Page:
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This article is part of the supplement: Abstracts of the 2011 SCMR/Euro CMR Joint Scientific Sessions

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Myocardial ASL perfusion reserve test detects ischemic segments in initial cohort of 10 patients with angiographic CAD

Zungho Zun1*, Terrence Jao1, Ning Smith2, Padmini Varadarajan3, Ramdas G Pai3, Eric C Wong4 and Krishna S Nayak1

  • * Corresponding author: Zungho Zun

Author Affiliations

1 University of Southern California, Los Angeles, CA, USA

2 Kaiser Permanente Southern California, Pasadena, CA, USA

3 Loma Linda University Medical Center, Loma Linda, CA, USA

4 University of California, San Diego, La Jolla, CA, USA

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Journal of Cardiovascular Magnetic Resonance 2011, 13(Suppl 1):P110  doi:10.1186/1532-429X-13-S1-P110

The electronic version of this article is the complete one and can be found online at:

Published:2 February 2011

© 2011 Zun et al; licensee BioMed Central Ltd.

This is an open access article distributed under the terms of the Creative Commons Attribution License (, which permits unrestricted use, distribution, and reproduction in any medium, provided the original work is properly cited.


This study sought to demonstrate the potential for myocardial arterial spin labeling (ASL) to identify the ischemic myocardial segments due to stenosis in coronary arteries as detected by X-ray angiography.


Myocardial ASL is a technique for the assessment of myocardial blood flow (MBF) without contrast agents. It can be safely applied to patients with end-stage renal disease who are not candidates for first-pass imaging with contrast agents. Myocardial ASL perfusion imaging performed at rest and during adenosine stress provides perfusion reserve (MBFstress/MBFrest), which is a common indicator for the severity of coronary artery disease. In healthy myocardium, perfusion reserve is known to be approximately four [1].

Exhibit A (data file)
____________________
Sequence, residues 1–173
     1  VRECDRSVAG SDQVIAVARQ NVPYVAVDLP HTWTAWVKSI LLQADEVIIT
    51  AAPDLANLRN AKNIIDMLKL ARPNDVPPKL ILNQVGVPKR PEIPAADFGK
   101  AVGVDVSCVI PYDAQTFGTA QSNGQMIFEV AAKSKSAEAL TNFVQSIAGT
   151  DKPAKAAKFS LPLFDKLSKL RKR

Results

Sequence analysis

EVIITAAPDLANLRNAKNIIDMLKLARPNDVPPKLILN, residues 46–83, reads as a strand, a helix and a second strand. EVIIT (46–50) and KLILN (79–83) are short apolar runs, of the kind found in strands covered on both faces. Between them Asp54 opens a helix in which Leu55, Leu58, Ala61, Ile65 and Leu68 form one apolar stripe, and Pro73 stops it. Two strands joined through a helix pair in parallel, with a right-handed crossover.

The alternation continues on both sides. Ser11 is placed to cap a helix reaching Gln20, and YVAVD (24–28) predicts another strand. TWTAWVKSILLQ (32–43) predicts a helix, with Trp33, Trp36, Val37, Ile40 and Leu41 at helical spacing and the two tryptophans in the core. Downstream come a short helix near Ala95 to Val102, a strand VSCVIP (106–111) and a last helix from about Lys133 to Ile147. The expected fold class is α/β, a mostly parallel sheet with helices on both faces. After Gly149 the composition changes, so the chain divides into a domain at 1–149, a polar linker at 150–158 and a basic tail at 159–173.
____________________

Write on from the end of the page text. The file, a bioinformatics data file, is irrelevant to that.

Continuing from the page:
Twenty nine patients were recruited from those scheduled for routine cardiac MR (CMR) and X-ray angiography. Myocardial ASL measurements were obtained from a single mid short-axis slice at rest and during adenosine infusion (dosage: 0.14 mg/kg/min) on a GE Signa 3T scanner. The ASL sequence was composed of flow-sensitive alternating inversion recovery (FAIR) tagging and balanced steady-state free precession (SSFP) imaging [2]. Perfusion reserve maps were generated in a standard short-axis view illustration by convolution with a Gaussian filter and resampling onto a polar coordinate [3].


Ten of the twenty-nine patients were found to have significant stenosis on X-ray angiography. Table 1 contains the most ischemic myocardial segments in these ten patients as identified by two cardiologists using either X-ray angiogram or ASL perfusion reserve map independently. Based on McNemar’s test with Bonferroni correction, there was no significant difference between X-ray and ASL MRI in identifying ischemia in all six myocardial segments (p = 1.0000, 0.6170, 0.4795, 0.1336, 0.4795, and 0.4795). Figure 1 contains perfusion reserve maps acquired using myocardial ASL in these patients. The average standard deviation of physiological noise was 0.22 ml/g/min at rest and 0.42 ml/g/min during stress [2].

Table 1. Most ischemic myocardial segments identified by X-ray angiograms and by ASL perfusion reserve maps

thumbnailFigure 1. Perfusion reserve maps acquired using myocardial ASL in patients 1-10. Asterisks denote the most ischemic segments identified based on X-ray angiography.


There was visual agreement (except patients 7, 8, and 10) and no statistically significant difference between ischemic myocardial segments identified by ASL perfusion reserve maps and by X-ray angiograms. This suggests that myocardial ASL with vasodilation may have a potential to identify ischemic myocardial segments in patients with stenosis.


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    Am J Physiol Heart Circ Physiol. 2007. PubMed Abstract | Publisher Full Text OpenURL

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  3. Jao , et al.US patent (pending)